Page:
In the battle to lose weight, hunger is the dieter's worst enemy. But research has revealed a simple aid to taming the appetite: soup. It's dieting's best kept secret says one science writer.
Imagine a typical lunchtime meal - say, chicken and vegetables with a glass of water.
No snacks for them for a while
If you eat the food and drink the water, you will feel full for a couple of hours before hunger kicks in. But if you blend the food with the water - to make soup - you will stay hunger-free for much longer, and less likely to snack through the afternoon.
How can blending the food into soup make such a difference? The answer lies in the stomach. Scientists have used ultrasound and MRI scans of people's stomachs to investigate what happens after eating solid-food-plus-water meals compared with the same food made into soup.
After you eat a meal, the pyloric sphincter valve at the bottom of your stomach holds food back so that the digestive juices can get to work.
Water, however, passes straight through the sphincter to your intestines, so drinking water does not contribute to "filling you up".
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10 Things You Need to Know About Losing Weight is broadcast on BBC One on Wednesday, 27 May at 2000 BST
When you eat the same meal as a soup, the whole mixture remains in the stomach, because the water and food are blended together. The scientists' scans confirm that the stomach stays fuller for longer, staving off those hunger pangs.
The key to this low-tech weapon against hunger is a hormone called ghrelin. It is one of the major players in the body's appetite system.
Discovered as recently as 1999, ghrelin is released by specialised cells in the stomach wall.
These cells produce a constant stream of ghrelin whenever the stomach is empty. The ghrelin travels via the blood stream to the brain's appetite centre, an organ called the hypothalamus. As a result, the hypothalamus screams "You are hungry - find food."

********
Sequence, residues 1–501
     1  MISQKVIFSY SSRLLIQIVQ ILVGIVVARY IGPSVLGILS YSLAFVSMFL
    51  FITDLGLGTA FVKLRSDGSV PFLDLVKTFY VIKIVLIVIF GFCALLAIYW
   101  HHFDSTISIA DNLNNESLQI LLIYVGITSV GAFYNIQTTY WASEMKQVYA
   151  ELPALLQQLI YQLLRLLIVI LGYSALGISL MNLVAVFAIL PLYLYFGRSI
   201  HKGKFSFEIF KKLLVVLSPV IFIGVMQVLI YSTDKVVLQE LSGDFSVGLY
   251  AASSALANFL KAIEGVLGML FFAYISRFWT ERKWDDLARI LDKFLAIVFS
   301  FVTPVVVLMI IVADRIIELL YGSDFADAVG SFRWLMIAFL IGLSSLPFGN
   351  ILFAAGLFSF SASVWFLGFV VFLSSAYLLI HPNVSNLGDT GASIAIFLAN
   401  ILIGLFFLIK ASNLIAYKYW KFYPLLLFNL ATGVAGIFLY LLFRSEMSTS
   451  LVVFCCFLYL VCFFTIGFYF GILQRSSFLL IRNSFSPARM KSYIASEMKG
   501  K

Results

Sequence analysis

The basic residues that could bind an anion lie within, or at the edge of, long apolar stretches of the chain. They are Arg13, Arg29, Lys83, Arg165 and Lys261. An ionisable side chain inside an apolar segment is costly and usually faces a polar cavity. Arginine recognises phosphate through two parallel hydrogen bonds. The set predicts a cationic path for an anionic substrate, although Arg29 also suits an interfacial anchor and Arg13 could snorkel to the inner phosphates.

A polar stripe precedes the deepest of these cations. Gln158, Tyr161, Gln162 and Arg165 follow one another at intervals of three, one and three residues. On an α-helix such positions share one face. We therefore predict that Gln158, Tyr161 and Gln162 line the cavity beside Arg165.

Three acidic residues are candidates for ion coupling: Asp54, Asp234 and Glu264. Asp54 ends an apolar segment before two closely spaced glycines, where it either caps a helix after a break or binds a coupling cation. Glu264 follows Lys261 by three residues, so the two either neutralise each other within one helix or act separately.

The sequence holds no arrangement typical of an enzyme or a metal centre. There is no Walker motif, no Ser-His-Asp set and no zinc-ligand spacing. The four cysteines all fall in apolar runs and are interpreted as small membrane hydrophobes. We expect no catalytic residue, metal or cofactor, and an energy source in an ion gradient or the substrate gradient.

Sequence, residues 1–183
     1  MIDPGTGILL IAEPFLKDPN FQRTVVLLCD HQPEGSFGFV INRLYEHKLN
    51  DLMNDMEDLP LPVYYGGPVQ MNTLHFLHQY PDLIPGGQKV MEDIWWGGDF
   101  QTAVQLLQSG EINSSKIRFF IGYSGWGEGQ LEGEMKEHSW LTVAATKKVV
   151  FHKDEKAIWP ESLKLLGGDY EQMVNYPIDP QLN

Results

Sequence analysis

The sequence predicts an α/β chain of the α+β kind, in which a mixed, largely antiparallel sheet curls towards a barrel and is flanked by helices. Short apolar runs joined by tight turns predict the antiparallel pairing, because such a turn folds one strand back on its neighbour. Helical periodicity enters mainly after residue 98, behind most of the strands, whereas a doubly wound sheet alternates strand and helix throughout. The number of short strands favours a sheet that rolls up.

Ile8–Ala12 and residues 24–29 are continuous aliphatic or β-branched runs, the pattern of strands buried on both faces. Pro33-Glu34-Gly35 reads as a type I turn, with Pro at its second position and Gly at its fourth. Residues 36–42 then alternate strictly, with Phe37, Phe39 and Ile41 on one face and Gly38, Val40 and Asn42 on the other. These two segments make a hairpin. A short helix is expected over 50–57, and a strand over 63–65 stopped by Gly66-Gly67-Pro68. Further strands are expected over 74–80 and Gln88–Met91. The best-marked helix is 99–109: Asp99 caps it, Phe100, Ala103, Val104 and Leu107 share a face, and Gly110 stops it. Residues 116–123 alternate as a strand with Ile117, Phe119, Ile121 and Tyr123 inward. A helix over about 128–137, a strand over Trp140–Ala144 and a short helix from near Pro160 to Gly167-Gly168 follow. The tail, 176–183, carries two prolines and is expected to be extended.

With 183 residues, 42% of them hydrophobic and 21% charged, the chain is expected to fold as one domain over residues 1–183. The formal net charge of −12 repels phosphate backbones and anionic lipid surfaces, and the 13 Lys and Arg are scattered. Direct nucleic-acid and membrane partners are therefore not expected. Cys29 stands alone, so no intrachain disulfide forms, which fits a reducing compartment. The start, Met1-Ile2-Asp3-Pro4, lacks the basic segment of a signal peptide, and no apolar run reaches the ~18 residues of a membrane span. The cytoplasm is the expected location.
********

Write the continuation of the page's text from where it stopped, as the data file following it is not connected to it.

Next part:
But whenever the stomach wall is stretched - when the stomach is full - the cells stop producing ghrelin, and the hypothalamus responds accordingly, turning off the appetite signal. The longer the stomach remains full, the longer you feel satisfied and the less you are likely to eat.
The stomach gradually empties, more slowly for the soup than the solid meal plus water. The BBC staged an experiment for the programme 10 Things You Need to Know About Losing Weight to test this theory. In this experiment, and in previous experiments, participants reported feeling full for up to an hour-and-a-half longer than their solid meal counterparts.
Although some researchers refer to appetite as "the cupcake circuit", the mechanism behind human appetite evolved long before cupcakes were invented - at a time when food was scarce.
As a result, we are hardwired to eat high-calorie foods, which are unfortunately so abundant in the modern world.
Finding ways to control the appetite signal is crucial if we are to stave off the meteoric rise in obesity. Food scientists and pharmaceutical companies alike are on a major quest to find ways to do just that.